Steve McCoy-Thompson, known locally for working years as executive director of the Pleasanton Partnerships in Education Foundation, is entering his fourth month as the new executive director of Gratitude Network -- an organization that supports nonprofits that work with children.
"I love the opportunity to connect with these impact leaders throughout the U.S. and the world," McCoy-Thompson told the Weekly. "It's a great opportunity for me to retain my Pleasanton roots and still try to have global impact."
Gratitude Network is a nonprofit founded 10 years ago and based in downtown Pleasanton right above the Peet's coffee shop on Main Street. The organization identifies other charity organizations that work with youth globally and provides them with coaching and counseling so that they can better serve their communities and those kids.
"The entire organization is very excited that Steve has been promoted to executive director of Gratitude Network," Randy Haykin, founder and chief purpose officer of Gratitude Network, told the Weekly.
"As chairman of the Gratitude Network, I will be working very closely with Steve in his new role and the two of us will 'co-pilot' the organization with a balance between strategic growth of the organization and day-to-day operational focus," Haykin added. "Steve and I have known each other for nearly 25 years, have worked together in the past and are really excited about scaling Gratitude Network into a global brand."
McCoy-Thompson said that not only does Gratitude Network provide other nonprofits with the skills they need to have a greater impact in the work they do, but it also connects their donors with the other nonprofits in order to boost their presence in their communities.
"We've reached 40 million children by helping over 160 nonprofit leaders, in over 60 countries, have a greater impact," he said.
McCoy-Thompson first started working for the nonprofit in January after he announced his departure from PPIE last November. He had worked for the school support foundation since 2016, and while he enjoyed the work he did for PPIE, he said that the current job allows him to use his past management consulting experience that he did around the world.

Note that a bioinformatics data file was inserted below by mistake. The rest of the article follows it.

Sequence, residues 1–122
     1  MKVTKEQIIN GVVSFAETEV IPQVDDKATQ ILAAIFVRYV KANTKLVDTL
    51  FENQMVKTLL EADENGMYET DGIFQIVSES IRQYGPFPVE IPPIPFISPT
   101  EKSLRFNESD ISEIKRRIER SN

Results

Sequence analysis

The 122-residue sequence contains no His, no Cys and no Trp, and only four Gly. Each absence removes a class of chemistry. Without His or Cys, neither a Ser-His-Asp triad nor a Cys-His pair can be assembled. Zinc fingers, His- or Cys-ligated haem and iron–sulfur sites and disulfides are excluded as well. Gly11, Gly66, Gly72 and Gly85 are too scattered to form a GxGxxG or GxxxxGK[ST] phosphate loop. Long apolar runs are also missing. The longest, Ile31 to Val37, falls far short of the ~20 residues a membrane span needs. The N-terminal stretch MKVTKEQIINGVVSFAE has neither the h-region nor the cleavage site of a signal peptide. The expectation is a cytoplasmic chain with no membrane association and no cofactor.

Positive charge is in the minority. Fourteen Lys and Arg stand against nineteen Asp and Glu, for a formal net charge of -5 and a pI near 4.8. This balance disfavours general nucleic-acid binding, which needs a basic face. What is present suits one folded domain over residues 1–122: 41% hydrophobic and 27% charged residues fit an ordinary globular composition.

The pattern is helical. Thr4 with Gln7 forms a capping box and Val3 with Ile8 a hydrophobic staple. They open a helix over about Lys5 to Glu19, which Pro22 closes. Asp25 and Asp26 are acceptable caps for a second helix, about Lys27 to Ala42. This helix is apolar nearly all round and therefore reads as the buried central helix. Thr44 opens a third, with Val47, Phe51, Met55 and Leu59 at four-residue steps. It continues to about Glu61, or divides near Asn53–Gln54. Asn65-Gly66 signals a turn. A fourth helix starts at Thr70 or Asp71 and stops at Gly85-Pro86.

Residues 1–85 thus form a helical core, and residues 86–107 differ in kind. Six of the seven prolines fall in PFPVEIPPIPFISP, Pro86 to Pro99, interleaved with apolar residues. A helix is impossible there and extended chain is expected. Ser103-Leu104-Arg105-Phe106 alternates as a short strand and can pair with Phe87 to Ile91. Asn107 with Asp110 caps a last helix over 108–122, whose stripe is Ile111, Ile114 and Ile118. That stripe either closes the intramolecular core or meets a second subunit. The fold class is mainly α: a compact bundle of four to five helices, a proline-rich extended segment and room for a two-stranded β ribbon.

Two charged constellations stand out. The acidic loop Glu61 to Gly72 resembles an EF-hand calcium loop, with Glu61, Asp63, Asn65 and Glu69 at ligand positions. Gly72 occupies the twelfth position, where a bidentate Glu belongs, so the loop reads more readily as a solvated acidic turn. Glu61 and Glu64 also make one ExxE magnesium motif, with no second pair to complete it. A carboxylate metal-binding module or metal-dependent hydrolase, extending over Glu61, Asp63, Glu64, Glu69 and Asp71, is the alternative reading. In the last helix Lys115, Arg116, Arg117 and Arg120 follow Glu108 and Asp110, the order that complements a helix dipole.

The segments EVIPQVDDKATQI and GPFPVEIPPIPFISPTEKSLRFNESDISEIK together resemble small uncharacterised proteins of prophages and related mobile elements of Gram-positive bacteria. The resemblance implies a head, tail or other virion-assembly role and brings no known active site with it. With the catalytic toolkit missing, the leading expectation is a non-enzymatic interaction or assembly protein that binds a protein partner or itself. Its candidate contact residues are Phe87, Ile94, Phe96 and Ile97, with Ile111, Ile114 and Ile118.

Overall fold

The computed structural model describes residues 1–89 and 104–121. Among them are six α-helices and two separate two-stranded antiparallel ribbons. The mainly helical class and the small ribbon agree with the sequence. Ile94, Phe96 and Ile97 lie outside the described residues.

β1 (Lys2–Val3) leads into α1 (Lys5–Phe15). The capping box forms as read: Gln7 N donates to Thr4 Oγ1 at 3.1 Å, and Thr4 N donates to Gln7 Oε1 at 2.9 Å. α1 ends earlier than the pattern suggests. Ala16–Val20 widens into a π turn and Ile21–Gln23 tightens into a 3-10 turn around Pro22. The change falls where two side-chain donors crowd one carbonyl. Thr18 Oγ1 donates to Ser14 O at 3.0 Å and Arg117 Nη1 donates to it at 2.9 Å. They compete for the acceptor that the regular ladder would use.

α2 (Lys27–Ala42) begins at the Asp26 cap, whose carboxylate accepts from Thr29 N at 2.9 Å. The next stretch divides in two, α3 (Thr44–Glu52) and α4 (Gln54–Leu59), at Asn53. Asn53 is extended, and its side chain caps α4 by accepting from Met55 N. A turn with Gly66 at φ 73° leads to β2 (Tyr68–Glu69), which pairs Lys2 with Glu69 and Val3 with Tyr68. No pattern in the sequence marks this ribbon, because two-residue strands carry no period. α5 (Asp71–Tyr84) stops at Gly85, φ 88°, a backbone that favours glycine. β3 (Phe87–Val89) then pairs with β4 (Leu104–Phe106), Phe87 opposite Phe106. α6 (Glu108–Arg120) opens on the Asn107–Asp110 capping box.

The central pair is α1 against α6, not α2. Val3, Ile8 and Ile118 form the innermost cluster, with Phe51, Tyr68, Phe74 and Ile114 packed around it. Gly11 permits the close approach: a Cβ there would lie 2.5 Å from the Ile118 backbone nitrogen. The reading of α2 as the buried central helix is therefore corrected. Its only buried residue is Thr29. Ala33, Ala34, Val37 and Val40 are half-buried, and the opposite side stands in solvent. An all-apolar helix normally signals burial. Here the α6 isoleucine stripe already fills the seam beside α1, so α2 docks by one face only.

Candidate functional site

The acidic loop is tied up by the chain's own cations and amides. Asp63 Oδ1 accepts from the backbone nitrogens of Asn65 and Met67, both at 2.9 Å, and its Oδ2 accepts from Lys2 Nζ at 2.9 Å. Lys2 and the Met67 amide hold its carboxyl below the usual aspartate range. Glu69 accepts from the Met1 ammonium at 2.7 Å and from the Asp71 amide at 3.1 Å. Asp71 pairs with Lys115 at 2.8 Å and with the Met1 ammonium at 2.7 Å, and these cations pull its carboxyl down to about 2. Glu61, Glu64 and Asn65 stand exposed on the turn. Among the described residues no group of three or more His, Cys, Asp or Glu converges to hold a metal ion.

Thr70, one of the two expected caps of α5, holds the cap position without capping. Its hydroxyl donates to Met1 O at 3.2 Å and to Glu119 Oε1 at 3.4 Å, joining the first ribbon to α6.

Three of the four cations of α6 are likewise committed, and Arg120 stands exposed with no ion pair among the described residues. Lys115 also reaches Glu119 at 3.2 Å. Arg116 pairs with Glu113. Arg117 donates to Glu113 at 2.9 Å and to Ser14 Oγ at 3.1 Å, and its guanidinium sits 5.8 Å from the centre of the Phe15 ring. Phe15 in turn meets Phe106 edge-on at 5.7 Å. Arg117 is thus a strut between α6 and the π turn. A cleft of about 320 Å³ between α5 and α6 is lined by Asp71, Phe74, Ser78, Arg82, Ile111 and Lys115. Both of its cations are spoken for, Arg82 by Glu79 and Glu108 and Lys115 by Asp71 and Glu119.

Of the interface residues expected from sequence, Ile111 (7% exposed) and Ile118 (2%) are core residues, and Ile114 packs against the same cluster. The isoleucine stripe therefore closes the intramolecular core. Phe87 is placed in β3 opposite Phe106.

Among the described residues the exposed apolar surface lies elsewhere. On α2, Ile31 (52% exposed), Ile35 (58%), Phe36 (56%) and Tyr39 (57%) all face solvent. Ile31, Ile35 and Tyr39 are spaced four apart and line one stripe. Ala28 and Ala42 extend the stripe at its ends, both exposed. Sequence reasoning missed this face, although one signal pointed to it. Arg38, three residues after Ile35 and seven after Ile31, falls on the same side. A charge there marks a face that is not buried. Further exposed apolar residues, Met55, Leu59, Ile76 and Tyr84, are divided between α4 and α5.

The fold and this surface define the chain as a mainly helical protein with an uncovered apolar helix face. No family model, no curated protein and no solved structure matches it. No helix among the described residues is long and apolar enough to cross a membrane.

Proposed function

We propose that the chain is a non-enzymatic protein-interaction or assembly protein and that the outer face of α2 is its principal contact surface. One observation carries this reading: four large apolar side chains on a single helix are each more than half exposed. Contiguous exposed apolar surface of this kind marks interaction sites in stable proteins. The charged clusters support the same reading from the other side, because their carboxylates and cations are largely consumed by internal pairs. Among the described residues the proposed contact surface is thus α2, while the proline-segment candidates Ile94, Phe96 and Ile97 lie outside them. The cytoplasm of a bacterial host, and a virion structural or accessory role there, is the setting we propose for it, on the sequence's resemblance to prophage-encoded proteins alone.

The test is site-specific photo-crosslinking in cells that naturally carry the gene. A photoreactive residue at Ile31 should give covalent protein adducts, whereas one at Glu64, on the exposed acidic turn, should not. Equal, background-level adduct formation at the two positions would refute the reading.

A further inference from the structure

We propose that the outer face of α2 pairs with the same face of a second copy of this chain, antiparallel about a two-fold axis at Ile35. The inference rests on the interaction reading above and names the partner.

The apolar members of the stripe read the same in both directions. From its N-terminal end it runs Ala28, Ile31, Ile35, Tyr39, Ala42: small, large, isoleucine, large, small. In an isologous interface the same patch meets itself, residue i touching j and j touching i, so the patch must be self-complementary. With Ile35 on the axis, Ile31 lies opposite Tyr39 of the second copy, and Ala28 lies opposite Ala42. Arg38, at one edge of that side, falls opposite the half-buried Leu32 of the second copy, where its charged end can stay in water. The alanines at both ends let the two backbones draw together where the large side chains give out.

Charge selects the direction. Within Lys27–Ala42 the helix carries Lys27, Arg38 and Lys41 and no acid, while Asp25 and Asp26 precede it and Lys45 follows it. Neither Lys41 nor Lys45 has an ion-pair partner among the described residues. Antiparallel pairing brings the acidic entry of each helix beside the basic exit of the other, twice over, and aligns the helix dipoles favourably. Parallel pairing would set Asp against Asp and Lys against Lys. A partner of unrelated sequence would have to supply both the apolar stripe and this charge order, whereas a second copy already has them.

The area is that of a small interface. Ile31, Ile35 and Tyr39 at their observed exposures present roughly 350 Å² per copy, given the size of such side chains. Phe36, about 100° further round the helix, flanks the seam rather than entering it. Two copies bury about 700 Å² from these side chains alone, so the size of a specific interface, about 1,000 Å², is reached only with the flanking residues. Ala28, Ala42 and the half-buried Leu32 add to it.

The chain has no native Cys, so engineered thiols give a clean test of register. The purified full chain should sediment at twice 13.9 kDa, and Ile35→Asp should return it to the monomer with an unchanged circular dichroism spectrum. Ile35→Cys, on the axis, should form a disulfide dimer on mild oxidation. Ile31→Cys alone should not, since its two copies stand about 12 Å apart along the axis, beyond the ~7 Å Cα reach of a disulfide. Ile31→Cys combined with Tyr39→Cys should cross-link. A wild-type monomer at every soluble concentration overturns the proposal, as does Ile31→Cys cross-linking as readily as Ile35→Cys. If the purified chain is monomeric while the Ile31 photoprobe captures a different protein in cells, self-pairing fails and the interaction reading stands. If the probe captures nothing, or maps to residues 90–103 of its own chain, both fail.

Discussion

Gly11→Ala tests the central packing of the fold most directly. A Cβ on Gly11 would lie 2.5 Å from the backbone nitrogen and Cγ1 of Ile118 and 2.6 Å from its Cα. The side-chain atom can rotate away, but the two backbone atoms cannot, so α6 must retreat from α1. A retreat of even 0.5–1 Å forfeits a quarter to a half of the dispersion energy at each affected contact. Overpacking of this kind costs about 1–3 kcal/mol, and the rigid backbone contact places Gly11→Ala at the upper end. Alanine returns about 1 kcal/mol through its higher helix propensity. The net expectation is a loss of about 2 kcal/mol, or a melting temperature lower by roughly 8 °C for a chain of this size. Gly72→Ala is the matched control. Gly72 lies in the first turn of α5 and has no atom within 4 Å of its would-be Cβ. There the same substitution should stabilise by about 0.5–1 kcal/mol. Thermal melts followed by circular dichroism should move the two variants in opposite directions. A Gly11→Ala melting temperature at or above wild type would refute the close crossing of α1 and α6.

"The reason why I do this, the reason why I am excited about this project, is that in my career, I've lived and worked in over 50 countries," he said. "So the opportunity to combine my international experience with the opportunities that help children and youth reach their full potential ... it's a great opportunity."
"In my experience -- having worked in these countries all around the world -- I have come to believe that the best way to make a sustainable impact is to work in the communities where the children and their families live," McCoy-Thompson added. "The best way to do that, for us, is to identify the nonprofits that are already working there and help them to do better."
One of the ways he said the organization helps these nonprofits is through its year-long fellowship program where Gratitude Network provides them with one-on-one professional coaching, courses on best business practices and extensive peer networking.
He said one recent example of someone who went through the fellowship program was a woman from India who created an app to help report on and address social and emotional abuse of children.
McCoy-Thompson said she was recently praised by the secretary general of the United Nations for her work and that her organization has grown dramatically since she finished Gratitude Network's program several years ago.
One local nonprofits that he said Gratitude Network has worked with recently in the Tri-Valley is The Freedom Story, which works on preventing child trafficking.
"One of my favorite parts of the job is getting to know these nonprofit leaders who are working in very challenging circumstances," McCoy-Thompson said.
He also said that Gratitude Network is working on building regional hubs, including one in the Bay Area, to increase the impact of local nonprofits that work with children and youth.
"A hub means that we're trying to identify local nonprofits and match them with local coaches and encourage local funding," he said. "(For) people who want to invest in the community, this is the way to do that."
He also added that while he still helps and supports PPIE in any way he can when they ask for help, he also wants to start making connections between Gratitude Network and the Pleasanton Unified School District in order to educate students about what's going on in the world and what it's like running a nonprofit.